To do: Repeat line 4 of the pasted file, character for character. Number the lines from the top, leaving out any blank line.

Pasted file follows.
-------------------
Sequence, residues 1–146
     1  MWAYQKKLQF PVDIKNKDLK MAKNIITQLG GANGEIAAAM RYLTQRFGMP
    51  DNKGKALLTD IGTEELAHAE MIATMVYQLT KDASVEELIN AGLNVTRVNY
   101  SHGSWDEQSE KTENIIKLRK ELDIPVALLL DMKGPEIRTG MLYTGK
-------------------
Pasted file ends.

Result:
   101  SHGSWDEQSE KTENIIKLRK ELDIPVALLL DMKGPEIRTG MLYTGK